Two British parents have given up their legal battle to take their son to the US for experimental treatment. Their lawyer said that "time had run out," judging by the 11-month-old's latest brain scans.
Connie Yates and Chris Gard on Monday announced an end to their legal bid to secure experimental treatment for their baby in the US.
"This is the hardest thing we have ever had to do," Connie Yates told the court. "We have decided to let our son go … Charlie did have a real chance of getting better. Now we will never know what would have happened if he got treatment."
Their lawyer, Grant Armstrong, said that the chance to treat their son Charlie Gard had been lost.
"For Charlie, it's too late, time has run out. Irreversible muscular damage has been done and the treatment can no longer be a success," Armstrong said. "Charlie has waited patiently for treatment. Due to delay, that window of opportunity has been lost."
Speaking in London's High Court, where a fresh ruling on allowing the baby to travel for treatment was expected this week, Armstrong said it was "no longer in Charlie's best interest to pursue this course of treatment."
Parents versus practitioners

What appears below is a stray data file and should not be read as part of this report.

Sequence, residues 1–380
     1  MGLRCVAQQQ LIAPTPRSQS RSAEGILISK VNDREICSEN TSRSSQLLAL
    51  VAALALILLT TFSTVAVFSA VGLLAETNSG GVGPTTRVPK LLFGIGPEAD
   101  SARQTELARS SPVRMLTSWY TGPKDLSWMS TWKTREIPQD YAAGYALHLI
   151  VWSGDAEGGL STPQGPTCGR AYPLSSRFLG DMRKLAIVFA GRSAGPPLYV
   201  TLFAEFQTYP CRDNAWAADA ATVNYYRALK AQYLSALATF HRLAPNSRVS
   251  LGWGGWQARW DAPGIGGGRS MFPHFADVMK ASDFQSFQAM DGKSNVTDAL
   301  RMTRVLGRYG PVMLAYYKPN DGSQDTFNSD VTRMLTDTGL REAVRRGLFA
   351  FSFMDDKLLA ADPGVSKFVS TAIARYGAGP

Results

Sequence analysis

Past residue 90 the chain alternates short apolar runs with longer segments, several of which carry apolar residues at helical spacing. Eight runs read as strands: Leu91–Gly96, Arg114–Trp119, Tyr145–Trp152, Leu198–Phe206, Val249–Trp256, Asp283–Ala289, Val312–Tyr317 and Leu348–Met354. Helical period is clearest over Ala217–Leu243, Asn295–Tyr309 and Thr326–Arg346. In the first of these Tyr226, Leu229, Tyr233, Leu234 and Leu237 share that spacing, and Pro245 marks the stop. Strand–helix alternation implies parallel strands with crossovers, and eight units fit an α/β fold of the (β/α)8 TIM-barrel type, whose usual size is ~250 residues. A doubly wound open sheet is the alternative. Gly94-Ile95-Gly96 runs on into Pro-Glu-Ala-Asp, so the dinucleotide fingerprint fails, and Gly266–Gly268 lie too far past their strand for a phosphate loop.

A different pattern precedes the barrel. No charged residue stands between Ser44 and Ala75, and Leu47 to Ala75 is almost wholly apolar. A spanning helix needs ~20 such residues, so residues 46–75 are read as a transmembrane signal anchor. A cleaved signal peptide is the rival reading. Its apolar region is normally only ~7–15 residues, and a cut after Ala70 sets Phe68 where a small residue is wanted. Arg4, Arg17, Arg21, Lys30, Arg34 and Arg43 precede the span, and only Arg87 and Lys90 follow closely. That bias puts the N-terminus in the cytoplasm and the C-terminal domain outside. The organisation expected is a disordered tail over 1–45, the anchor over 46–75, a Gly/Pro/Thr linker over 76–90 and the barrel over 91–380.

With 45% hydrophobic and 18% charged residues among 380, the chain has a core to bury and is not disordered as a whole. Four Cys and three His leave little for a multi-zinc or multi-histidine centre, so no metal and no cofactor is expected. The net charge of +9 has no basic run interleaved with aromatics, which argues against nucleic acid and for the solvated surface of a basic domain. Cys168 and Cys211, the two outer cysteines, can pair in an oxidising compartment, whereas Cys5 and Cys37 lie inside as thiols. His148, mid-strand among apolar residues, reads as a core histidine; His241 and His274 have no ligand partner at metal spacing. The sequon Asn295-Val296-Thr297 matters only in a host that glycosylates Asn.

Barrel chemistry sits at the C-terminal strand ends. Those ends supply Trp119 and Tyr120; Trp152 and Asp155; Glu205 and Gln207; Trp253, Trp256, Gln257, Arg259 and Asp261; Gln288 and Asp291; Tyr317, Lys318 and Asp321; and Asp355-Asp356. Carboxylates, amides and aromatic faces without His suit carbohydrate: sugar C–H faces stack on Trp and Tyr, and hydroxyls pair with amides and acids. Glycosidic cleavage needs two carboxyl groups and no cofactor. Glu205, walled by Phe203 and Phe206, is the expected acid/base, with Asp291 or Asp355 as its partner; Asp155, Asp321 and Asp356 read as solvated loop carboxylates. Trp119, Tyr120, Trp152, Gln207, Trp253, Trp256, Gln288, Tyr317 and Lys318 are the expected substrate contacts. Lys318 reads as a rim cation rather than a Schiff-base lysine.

Whether experimental treatment was ever in the baby's best interest had been the subject of heated debate. The Great Ormond Street Hospital in London treating the boy had sought to cease efforts to keep the baby alive artificially, arguing it was no longer in the patient's interest. When Gard's parents challenged this legally, saying there might be a chance abroad, British courts and the European Court of Human Rights all ruled that the treatment did not have any realistic chance of helping the child. They argued that pursuing that option would only prolong his suffering for too limited a chance of success.
Charlie Gard has a rare genetic condition called mitochondrial DNA depletion syndrome; it causes gradual muscle weakness and brain damage. He cannot breathe without a ventilator, can neither see nor hear, and doctors had warned he was likely suffering severe pain.
When the Gard family's legal options appeared exhausted, first Pope Francis and then US President Donald Trump waded into the debate, with Trump saying the US "would be delighted" to help if it could.
This, coupled with renewed political interest in the UK and a lead on another potential form of experimental treatment, had led to a fresh High Court hearing in London, slated for Monday and Tuesday of this week.
However, Connie Yates and Chris Gard have since chosen to cease the battle, telling their supporters on Twitter, "we thank you all for your unwavering support."
The judge hearing the case, Nicholas Francis, said no parents could have done more for their child.
msh/aw (AFP, dpa, Reuters)